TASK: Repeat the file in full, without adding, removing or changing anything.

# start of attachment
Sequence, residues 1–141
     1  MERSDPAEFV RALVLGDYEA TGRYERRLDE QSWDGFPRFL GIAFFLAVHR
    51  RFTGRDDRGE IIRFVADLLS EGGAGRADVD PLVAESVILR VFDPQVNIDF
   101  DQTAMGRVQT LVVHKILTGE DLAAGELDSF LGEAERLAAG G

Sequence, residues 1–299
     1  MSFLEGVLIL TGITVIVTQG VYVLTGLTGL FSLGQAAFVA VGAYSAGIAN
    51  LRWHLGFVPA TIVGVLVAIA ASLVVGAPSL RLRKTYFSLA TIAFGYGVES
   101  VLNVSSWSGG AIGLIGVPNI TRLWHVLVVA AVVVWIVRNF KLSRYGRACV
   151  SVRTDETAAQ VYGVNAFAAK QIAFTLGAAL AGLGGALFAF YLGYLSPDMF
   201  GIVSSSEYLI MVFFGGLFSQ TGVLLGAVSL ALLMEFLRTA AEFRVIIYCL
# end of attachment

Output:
Sequence, residues 1–141
     1  MERSDPAEFV RALVLGDYEA TGRYERRLDE QSWDGFPRFL GIAFFLAVHR
    51  RFTGRDDRGE IIRFVADLLS EGGAGRADVD PLVAESVILR VFDPQVNIDF
   101  DQTAMGRVQT LVVHKILTGE DLAAGELDSF LGEAERLAAG G

Sequence, residues 1–299
     1  MSFLEGVLIL TGITVIVTQG VYVLTGLTGL FSLGQAAFVA VGAYSAGIAN
    51  LRWHLGFVPA TIVGVLVAIA ASLVVGAPSL RLRKTYFSLA TIAFGYGVES
   101  VLNVSSWSGG AIGLIGVPNI TRLWHVLVVA AVVVWIVRNF KLSRYGRACV
   151  SVRTDETAAQ VYGVNAFAAK QIAFTLGAAL AGLGGALFAF YLGYLSPDMF
   201  GIVSSSEYLI MVFFGGLFSQ TGVLLGAVSL ALLMEFLRTA AEFRVIIYCL